In consultation with the Oregon Health Authority (OHA), the Oregon Department of Human Services (DHS) is using the authority of Governor Brown’s emergency order to issue a policy to limit exposure to COVID-19 at long-term care facilities. DHS is taking this action to protect older adults, Oregonians who are at greater risk of the most severe outcomes of this disease.
“Oregonians in our nursing homes are particularly vulnerable to this disease,” said OHA director Patrick Allen. “We are working in close partnership with long-term care facilities and asking families, friends, and others who work in and visit these facilities to help us protect the health and safety of our parents, grandparents and other loved ones.”
The guidance directs nursing, assisted living and residential care facilities, including those providing memory care, to:
• Restrict visitation to only essential individuals;
• Limit essential visitors to two per resident at a given time;
• Screen all permitted visitors for respiratory or other symptoms potentially indicating COVID-19 and for recent travel to an affected geographic area or high-risk setting prior to entering the facilities;
• Document the screenings for all visitors;
• Limit community outings; and
• Support residents’ access to socialization when visitors are not able to enter the facility through virtual visits.
"We are committed to working with long-term care providers on prevention and preparedness to help mitigate the spread of COVID-19," said DHS Director Fariborz Pakseresht. “The new visitation restrictions are an additional preventative step we can take to protect older adults and Oregonians with underlying chronic medical conditions, and people who are immunocompromised, who are most at risk. We realize the hardship these restrictions may cause for residents and family members, and appreciate everyone’s partnership in protecting this vulnerable population.”
Oregon Health Care Association (OHCA) supports the guidance and recommendations for long-term care providers issued today by the Department of Human Services and the Oregon Health Authority, said Linda Kirschbaum, SVP of Quality Services at the OHCA. “Long-term care providers are doing everything they can to stop the virus from entering their communities. Limiting the number of people moving through communities is a critical part of those precautions. Since the first case was confirmed in the U.S., long-term care providers have been following their state-approved emergency preparedness and infection prevention plans and protocols to limit risk and exposure to residents in their communities. Screening visitors has been a part of these protocols from day one.”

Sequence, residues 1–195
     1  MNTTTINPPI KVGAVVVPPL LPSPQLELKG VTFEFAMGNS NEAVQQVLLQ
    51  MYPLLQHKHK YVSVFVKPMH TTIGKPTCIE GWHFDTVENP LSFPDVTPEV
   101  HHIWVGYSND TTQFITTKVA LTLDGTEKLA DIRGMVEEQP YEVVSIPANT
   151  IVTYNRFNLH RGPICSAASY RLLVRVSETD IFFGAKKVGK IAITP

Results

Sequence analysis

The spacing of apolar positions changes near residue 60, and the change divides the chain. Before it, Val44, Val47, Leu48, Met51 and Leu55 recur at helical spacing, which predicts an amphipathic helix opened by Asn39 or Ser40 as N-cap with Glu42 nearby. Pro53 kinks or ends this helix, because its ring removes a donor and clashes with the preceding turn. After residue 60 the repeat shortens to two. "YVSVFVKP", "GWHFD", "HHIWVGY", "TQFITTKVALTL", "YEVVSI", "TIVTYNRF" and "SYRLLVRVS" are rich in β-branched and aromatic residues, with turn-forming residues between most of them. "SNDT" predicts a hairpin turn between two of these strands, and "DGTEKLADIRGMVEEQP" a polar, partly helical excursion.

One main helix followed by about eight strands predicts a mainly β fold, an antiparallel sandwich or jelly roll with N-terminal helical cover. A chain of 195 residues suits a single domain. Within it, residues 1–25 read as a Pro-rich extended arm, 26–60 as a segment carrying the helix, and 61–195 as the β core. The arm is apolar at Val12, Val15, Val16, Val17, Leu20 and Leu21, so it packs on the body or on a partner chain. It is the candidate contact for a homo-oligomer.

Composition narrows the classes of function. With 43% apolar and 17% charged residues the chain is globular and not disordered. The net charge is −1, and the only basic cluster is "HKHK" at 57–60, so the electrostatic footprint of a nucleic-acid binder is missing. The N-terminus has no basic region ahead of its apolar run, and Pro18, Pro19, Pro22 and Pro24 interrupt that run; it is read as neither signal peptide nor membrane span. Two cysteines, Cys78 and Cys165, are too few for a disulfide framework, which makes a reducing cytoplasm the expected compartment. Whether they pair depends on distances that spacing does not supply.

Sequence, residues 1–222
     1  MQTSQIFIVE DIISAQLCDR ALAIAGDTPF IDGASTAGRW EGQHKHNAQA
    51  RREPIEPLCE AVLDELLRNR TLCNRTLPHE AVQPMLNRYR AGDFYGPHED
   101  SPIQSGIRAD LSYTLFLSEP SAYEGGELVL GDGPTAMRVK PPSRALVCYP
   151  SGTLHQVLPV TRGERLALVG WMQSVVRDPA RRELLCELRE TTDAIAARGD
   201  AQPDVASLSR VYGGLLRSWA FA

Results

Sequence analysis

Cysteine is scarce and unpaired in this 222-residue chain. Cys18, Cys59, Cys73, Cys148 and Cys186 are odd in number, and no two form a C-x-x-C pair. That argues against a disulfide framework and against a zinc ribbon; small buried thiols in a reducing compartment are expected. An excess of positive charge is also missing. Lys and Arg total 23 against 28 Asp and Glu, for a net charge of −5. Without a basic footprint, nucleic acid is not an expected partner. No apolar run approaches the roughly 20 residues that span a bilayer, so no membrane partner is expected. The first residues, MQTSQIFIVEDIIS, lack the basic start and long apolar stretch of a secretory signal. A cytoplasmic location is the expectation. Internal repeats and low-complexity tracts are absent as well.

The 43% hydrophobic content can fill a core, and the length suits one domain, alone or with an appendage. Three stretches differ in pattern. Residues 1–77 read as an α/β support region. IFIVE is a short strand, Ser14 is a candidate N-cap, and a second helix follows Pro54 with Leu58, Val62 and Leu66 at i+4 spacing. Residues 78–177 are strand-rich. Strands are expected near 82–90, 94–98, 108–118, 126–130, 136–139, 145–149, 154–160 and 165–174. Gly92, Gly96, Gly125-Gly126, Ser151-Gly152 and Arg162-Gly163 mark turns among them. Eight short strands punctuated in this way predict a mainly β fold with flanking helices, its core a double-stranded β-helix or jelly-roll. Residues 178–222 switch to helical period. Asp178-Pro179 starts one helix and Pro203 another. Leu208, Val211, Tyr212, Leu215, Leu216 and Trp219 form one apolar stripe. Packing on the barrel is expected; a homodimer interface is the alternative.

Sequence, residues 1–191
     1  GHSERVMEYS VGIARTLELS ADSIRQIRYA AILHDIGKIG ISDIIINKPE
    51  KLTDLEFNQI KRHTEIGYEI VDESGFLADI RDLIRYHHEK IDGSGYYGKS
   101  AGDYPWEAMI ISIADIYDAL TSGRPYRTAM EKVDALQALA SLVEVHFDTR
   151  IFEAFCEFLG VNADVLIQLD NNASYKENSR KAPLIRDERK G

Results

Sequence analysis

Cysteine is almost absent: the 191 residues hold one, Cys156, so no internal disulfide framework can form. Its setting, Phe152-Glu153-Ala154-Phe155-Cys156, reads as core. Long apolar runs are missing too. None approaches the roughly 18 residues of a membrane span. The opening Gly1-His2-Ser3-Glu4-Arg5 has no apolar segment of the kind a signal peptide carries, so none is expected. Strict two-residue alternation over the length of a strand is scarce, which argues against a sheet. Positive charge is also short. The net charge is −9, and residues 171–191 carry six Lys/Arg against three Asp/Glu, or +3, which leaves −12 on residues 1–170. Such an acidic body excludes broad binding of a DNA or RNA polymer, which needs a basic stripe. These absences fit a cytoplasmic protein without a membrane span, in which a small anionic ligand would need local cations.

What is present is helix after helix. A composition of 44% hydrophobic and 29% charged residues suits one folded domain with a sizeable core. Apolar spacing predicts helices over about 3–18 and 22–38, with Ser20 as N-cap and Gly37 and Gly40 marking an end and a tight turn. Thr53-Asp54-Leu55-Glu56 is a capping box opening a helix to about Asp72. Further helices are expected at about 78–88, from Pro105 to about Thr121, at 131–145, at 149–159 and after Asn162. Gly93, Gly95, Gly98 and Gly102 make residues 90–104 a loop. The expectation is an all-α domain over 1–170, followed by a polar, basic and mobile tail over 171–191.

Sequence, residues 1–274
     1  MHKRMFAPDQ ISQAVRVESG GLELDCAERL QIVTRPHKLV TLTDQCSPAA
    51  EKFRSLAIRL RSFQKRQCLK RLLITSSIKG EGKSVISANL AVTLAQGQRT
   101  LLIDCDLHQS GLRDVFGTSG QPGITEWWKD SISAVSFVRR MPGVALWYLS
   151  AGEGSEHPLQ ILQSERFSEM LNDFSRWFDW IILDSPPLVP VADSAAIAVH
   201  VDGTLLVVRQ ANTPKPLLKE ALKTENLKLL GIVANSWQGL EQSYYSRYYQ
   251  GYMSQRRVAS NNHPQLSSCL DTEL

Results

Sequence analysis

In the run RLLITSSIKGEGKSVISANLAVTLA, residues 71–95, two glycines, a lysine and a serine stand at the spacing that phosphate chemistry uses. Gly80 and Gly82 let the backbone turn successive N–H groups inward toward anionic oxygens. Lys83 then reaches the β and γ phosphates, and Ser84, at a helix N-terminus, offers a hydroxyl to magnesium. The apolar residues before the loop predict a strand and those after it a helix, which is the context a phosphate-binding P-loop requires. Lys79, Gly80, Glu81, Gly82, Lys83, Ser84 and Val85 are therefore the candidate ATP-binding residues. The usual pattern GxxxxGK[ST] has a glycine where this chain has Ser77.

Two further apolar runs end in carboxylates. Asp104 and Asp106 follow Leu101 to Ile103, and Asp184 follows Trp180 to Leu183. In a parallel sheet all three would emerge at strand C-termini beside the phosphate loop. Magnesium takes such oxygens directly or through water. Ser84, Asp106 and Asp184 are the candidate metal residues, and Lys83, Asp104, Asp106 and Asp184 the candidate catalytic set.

OHA continues to recommend that older adults and people with underlying conditions take the following steps to stay safe and healthy:
• Minimize contact with people who may be ill.
• Avoid large public gatherings.
• Order prescriptions by mail.
• Take daily precautions the include: wash your hands frequently, don’t touch anywhere on your face, and clean surfaces.
The Oregon Health Authority also announced Multnomah County’s first presumptive positive case of COVID-19. The new case brings Oregon’s total to 15 cases in seven counties.
OHA and Multnomah County are working to identify and isolate any individuals who may have been in close contact with the person in the last 14 days.
This case is being treated at Portland Veterans Affairs Medical Center. The individual had no known contact with a confirmed case, and had not traveled from a country where the virus is circulating, so the case is being investigated as a community-acquired case.